No one ever accomplishes good by means of evil, because they are themselves conquered by the evil. On the contrary, evil is corrected by good.St. Barsanuphius the Great
You believe that God is one; you do well. Even the demons believe—and shudder.James 2:19 (NRSVue)
It is a good exercise to ask, what is evil? Why do we categorize certain perspectives, actions, or even people as evil? Often, what we judge as evil is really about what we view as normative, as if normal was automatically good (or evil, for that matter).
In the US, today is Halloween. It is a combination of many traditions, and always comes with a plethora of arguments as to whether Christians should observe it, participate in any type of recognition of it (Truck ‘n’ Treat, Harvest Party, and the like), or stay in a holy huddle.
In Christian circles, 31 October has some Western Christian specific applications. In a few traditions, this (though really beginning at sunset) is the beginning of The Allhallowtide season, which is a time set aside in the church year for first, observation of the Saints (known & unknown, martyred and not) who have gone before us to their Heavenly Reward. It concludes with All Souls Day, which is an observation of all Christians who have gone before (and we won’t talk about Saints and saints).
For those of us of the Protestant traditions (in other words, not Roman Catholic or a myriad of Orthodox), 31 October is also Reformation Day, the general agreement that the Reformation began with Martin Luther starting an argument about the sufficiency of Christ by nailing his proposals (theses) to the gate of churches in the German city of Wittenberg. To be clear, the undercurrents of the Reformation were already moving (from an historical viewpoint) in Europe (with martyrs, too). Luther’s dramatic postings (though in course with cultural expectations) created a great story.
The secular and non-Christian aspects that we are experiencing for Halloween are, truly, a perversion and syncreticism of pre-Christian, Christian, and post-Christian belief structures. Just a side not, perhaps instead of assaulting Halloween, we do something different (and I’m not talking about Harvest Parties and Trunk ‘n’ Treats). Not that I necessarily have an idea, but much of the angst and outrage borders on evil, which St. Barsanuphius was warning us about.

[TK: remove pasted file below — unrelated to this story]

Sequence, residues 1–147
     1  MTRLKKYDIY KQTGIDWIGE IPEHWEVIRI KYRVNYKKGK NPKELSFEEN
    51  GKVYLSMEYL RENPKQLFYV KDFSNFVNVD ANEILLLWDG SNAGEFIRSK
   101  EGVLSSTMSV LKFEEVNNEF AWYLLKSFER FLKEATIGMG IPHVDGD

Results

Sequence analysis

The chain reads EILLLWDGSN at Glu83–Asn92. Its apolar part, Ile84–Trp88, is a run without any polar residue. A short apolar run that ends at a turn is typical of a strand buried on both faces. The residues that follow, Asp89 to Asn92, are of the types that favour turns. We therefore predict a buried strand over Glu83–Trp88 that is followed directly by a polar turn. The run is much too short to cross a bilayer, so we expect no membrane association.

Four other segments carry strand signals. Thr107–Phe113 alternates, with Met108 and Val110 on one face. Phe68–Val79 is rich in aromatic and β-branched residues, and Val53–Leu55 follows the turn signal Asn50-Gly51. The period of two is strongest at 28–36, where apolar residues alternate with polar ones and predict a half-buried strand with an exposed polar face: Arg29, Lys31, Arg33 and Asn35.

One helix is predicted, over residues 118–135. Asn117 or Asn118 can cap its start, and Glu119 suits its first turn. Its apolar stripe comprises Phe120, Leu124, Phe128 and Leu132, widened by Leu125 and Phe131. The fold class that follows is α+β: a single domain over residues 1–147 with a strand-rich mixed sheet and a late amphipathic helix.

As we watch functionally innocent children walk around asking for candy—who are dressed up as ghosts, stereotypical witches, super heroes, and what have you—we need to ask ourselves why we perceive a particular costume as good or evil. It’s not that I, for example, don’t have opinions, but I have had to spend time pondering why a particular costume is “evil” versus “good”. This is not about relativism. This is about my perspective of normal masked with what is “good”.
If there were two kids, one dressed up like a vampire and one dressed up as Knight Templar (a knight order during the Crusades in the Near East), my automatic emotional response would be vampire=bad, and Templar=good. However, if I were born and raised from the Near East (regardless of faith tradition), I might be very hard pressed to figure out which is evil, because the Templars were not good from a Near East perspective, because they came in conquest (motives aside) for generations.
If I, as a parent, knew that my neighbor was from the Near East, and dressed my child up as a Knight Templar (assuming my child wanted that), am I doing evil to my neighbor? Am I loving my neighbor?
This is not about incidental errors, but actions performed despite knowledge. Which brings us to the words of James. The demons James refers to know who God is. They know God’s holiness. It is arguable that they might even be more aware of who God is than any of the Saints or saints that have gone before us.
Yet, they shudder. I’ve heard many people ask, how could one know God (not bad or evil people, that’s different) and be against God? James doesn’t answer that question, but the implication is bigger than we think. Demons, who likely know God on a divine level beyond us, still oppose God. If the demons, who know God in ways beyond us, can oppose God, why not humans?
We can conclude that evil is opposing God. The implication with James, though, is that (perhaps) true evil is knowing God and opposing God anyway.
What recently has evoked “that is evil” from you? Did you spend time evaluating why it was evil? When you declare something evil, do you ever check against the Scriptures to see what the Scriptures say?
As you observe (and maybe even give candy to) children as they walk your neighborhood tonight, look at their costumes. Ask yourself why that child chose that costume, and why they thought it was “good”? Then ask yourself why you thought it was good or evil and why?
God, as we look about the world, we often conclude what is evil and what is good without asking you. Help us to look to you to define these terms, rather than how the world and our personal relationships tell us to. Help us to as filled with grace toward others in our perception of their wrong-ness, as you were while we were in our sin. Amen.